The outer front airvents still electrically revolve from sitting flush with the aluminium trim strip when the air-conditioning is switched off, as a nod to the original XF, but the centre airvents appear generic. Likewise the 8.0-inch display is too small, its graphics low-resolution and the infotainment system slow to operate.

There are some quality issues, such as a flimsy centre console lid noted by a passenger travelling in the Jaguar at the time of testing. The cabin of a five-year-old 528i is more impressive, and with a new E-Class arriving mid-year, that the XF already feels dated is not a good sign.

Our test car was optioned with heated and ventilated front seats, which was a nice touch, but at $2300 it is almost as expensive to add as an electric sunroof ($3200).

Engine and transmission

Jaguar has not yet switched its petrol engines over to its new Ingenium engine family. The diesels have crawled across, but this 2.0-litre turbocharged four-cylinder remains a Ford-derived unit.

With 177kW of power at 5500rpm and 340Nm of torque from 1750rpm until 4000rpm, the numbers are unchanged from the previous generation. The brand clearly refuses to invest in an engine that will soon be extinct.

The Portfolio 25t boasts a relatively light kerb weight of 1590kg, undercutting a 528i by 30kg. However the BMW also delivers 180kW/350Nm and claims 0-100km/h in 6.2 seconds, faster than Jaguar’s 7.0s claim.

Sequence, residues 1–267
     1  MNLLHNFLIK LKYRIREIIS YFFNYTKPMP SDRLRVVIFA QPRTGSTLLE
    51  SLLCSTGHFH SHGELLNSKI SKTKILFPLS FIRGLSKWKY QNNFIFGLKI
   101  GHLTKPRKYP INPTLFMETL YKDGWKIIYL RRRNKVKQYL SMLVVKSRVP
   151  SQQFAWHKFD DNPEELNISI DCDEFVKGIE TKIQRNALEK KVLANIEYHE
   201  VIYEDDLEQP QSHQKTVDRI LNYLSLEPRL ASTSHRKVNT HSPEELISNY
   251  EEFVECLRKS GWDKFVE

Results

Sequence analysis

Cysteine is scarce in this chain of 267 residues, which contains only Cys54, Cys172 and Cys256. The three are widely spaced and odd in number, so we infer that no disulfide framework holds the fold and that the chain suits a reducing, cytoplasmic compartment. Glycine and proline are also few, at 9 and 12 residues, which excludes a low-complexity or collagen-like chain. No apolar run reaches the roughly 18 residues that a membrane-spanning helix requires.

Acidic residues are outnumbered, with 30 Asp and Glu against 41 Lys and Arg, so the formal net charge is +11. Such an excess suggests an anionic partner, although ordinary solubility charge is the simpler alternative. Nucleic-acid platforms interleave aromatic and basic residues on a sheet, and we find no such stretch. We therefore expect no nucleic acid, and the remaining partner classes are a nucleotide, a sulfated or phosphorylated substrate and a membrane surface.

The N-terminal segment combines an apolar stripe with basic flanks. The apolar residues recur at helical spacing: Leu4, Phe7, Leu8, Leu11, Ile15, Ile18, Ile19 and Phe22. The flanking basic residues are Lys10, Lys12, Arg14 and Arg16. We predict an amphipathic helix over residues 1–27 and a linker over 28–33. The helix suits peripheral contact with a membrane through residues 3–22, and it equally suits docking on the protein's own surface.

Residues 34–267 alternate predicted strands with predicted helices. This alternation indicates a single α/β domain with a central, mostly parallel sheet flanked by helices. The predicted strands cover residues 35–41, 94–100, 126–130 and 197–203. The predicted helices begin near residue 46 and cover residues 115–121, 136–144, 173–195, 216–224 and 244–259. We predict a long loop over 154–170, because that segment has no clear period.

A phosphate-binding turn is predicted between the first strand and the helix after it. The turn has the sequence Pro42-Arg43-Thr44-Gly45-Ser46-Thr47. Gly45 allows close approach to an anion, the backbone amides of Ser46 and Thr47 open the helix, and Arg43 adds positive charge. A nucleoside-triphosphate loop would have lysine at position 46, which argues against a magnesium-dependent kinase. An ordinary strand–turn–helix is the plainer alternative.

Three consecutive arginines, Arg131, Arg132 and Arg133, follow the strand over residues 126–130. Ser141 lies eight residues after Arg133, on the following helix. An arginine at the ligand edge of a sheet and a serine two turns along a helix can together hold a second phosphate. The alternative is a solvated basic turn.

Eight-tenths is a believable difference. At idle the XF’s engine thrums through the centre console leading a passenger to ask if it was powered by a diesel engine. The power delivery of the 2.0-litre is laggy then boosty, which does not fit the nature of a premium full-sized sedan.

The eight-speed automatic second-guesses its engine partner, often falling into a tall gear before slurring back again. The automatic is generally impressive, even intuitive in ‘S’ mode, but the engine is no help. It also makes a coarse note when pressed and whines when the throttle is lifted and the automatic leaves revs to hang momentarily.

In a straight line the Portfolio 25t feels reasonably quick. However its claimed combined-cycle fuel consumption of 7.5 litres per 100 kilometres blew out to 12.3L/100km on test in mixed conditions.

The previous-generation XF could be had with a 600Nm twin-turbo V6 diesel for a sub-six-figure pricetag, however the equivalent new version costs $121,000 and adds another 100Nm of torque.

Ride and handling

Jaguar wants to be known for creating the driver’s car of each segment it competes in, and the low driving position of the second-generation XF presents a fine pathway to proceedings.